An Encouragement for You/ A Prayer for Each Other!

Have you ever agonized over what you could do to help someone or some situation? 

Have you ever felt powerless to effect change?

Have you ever wrestled with recognizing or knowing what your purpose in life is?

The following are a couple of things that are applicable to all the above…

First, let me remind you of the power and efficacy of intercessory prayer from James 5:16…

“Therefore, confess your sins to one another and pray for one another, so that you may be healed. The prayer of a righteous person is very powerful in its effect.”

We may or may not get the answers or help we are looking for, but with our prayers, we are focusing on the One who has the power to do everything! There is much strength and comfort in that knowledge—and even room for our prayers on behalf of others to change us!

Additionally, let’s be reminded of what Paul said in his prayer from Ephesians 3—specifically verse 20: “Now to him who is able to do above and beyond all that we ask or think according to the power that works in us—”

Prayer unleashes that power! Never forget we serve a mighty God!

Second, here’s a thoughtful suggestion I read today to help focus our prayers, effect change (and maybe in each of us too), as well as find great meaning in our lives:

Take a simple prayer walk around your neighborhood, praying over each house; around your kids’ schools, praying over each locker; around your workplace, praying over each office and cube. Pray against pain, fear, and darkness. Pray for healing, peace, and light, all in the name of our King, Jesus Christ. (From the YouVersion Bible app—Lean In//Shape Your Faith Into Action reading plan)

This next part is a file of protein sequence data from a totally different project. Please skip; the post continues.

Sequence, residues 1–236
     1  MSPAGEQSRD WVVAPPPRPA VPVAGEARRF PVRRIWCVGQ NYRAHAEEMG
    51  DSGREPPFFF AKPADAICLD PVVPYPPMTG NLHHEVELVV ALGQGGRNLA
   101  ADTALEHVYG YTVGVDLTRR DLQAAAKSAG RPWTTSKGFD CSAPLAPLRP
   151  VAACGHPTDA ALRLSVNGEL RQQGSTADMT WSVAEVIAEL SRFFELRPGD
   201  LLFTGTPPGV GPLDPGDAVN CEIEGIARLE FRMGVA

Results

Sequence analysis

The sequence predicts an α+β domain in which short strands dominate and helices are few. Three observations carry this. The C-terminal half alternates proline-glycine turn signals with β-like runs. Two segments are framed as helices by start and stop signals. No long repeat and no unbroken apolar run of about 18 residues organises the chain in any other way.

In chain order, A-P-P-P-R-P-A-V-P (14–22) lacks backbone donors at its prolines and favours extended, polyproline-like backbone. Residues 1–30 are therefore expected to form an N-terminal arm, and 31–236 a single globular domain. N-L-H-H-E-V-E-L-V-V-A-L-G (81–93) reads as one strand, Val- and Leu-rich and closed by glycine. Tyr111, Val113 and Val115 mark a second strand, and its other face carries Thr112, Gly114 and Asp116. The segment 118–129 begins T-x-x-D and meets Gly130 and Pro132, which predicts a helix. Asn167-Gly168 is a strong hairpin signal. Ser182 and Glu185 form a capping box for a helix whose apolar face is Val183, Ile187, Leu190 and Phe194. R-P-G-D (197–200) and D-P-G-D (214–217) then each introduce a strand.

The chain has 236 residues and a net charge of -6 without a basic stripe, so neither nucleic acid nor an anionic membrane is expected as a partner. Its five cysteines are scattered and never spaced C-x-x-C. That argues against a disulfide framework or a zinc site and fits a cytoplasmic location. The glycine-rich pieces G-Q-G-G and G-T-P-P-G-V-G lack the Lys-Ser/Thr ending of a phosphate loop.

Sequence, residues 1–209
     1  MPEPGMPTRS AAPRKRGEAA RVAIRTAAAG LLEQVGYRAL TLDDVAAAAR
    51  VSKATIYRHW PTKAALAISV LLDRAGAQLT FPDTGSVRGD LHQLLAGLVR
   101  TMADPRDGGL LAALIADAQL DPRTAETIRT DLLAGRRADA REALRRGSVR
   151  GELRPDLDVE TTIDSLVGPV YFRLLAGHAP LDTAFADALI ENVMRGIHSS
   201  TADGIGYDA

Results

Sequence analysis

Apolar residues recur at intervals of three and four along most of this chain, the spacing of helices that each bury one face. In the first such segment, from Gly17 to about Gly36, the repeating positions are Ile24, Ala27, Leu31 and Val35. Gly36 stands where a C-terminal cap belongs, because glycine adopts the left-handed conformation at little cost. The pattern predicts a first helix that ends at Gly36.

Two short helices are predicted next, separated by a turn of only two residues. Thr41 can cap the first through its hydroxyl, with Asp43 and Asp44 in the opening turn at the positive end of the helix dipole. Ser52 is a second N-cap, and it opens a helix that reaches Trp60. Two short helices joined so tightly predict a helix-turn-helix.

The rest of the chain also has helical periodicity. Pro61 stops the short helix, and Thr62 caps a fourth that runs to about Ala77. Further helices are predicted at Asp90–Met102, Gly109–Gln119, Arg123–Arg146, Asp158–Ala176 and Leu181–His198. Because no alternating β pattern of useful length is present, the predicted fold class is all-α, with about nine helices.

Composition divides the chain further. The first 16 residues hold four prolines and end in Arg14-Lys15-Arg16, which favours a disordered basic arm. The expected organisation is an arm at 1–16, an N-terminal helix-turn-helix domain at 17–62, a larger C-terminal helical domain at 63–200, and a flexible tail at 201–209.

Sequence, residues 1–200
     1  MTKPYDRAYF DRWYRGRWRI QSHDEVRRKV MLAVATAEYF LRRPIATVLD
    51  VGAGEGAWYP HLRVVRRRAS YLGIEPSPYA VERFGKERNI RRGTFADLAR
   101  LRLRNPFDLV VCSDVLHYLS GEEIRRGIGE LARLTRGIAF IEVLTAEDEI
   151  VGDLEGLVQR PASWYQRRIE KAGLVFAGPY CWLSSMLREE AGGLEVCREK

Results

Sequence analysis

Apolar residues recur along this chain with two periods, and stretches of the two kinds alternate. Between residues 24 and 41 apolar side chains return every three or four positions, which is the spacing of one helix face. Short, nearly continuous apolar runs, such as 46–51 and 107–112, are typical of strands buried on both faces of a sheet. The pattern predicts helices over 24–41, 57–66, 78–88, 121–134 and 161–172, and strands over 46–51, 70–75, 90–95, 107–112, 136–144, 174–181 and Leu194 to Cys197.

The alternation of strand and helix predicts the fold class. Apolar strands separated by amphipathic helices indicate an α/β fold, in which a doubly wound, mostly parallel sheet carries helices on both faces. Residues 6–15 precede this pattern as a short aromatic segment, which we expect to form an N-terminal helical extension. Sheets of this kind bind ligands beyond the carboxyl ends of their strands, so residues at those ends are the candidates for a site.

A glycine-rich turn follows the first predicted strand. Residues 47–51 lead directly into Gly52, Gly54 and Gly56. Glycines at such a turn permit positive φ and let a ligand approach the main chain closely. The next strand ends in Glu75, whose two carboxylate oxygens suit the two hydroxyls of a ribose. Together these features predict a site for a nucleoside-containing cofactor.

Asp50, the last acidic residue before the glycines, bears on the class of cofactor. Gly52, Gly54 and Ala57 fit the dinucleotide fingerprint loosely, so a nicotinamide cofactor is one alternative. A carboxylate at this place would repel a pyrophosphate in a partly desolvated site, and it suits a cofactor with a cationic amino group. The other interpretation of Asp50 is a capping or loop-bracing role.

I make no claim to have written the above on my own, but it surely resonates with me. You don’t have to do it just like this—as the old cliché goes, there is more than one way to skin a cat.

Earlier today, a prayer request notebook was dropped off at the Sheriff’s office. Another identical notebook has also been provided to the recovery groups that meet at our building. The offer to pray with people—anonymously or specifically–will expectantly open doors of prayer and hope. Sometime in the next week or so, we will collect those and have the opportunity and privilege to lift real people with real requests up to the throne room of God!

Does prayer change things? Yes, sir and yes, ma’am. It changes things for the one praying and the one being prayed for—and the truth is quite simple: it isn’t necessary to have a written prayer request for us to pray healing, peace, and light into lives in our community. You don’t have to wait to have a written prayer request in hand!

Obviously, I’ve written this specifically for the Oxford Church of Christ here in Oxford, MS. But it is applicable for all who might read it wherever they are.

The quickest way to change/ redeem our culture begins with a change in our own hearts.

Will you pray with me?

God bless this mess and may He start with me!

Les

Be an Encourager/ Be Encouraged 

His name was Curmudgeon (not really, but that’s a good descriptive term that allows me to protect his identity). He was irascible, irritable, petulant, and a grouch. And yes, I understand how synonymous those words are, but I’m trying to paint a clear picture.

As a teenager, I remember visiting the church where he was a member. During that service, he stood up and argued with the preacher in the middle of his sermon.

If you can imagine, it was quite the spectacle and shocking even for those who were not visiting, and it planted an undeniable vision in my young brain of his character and nature.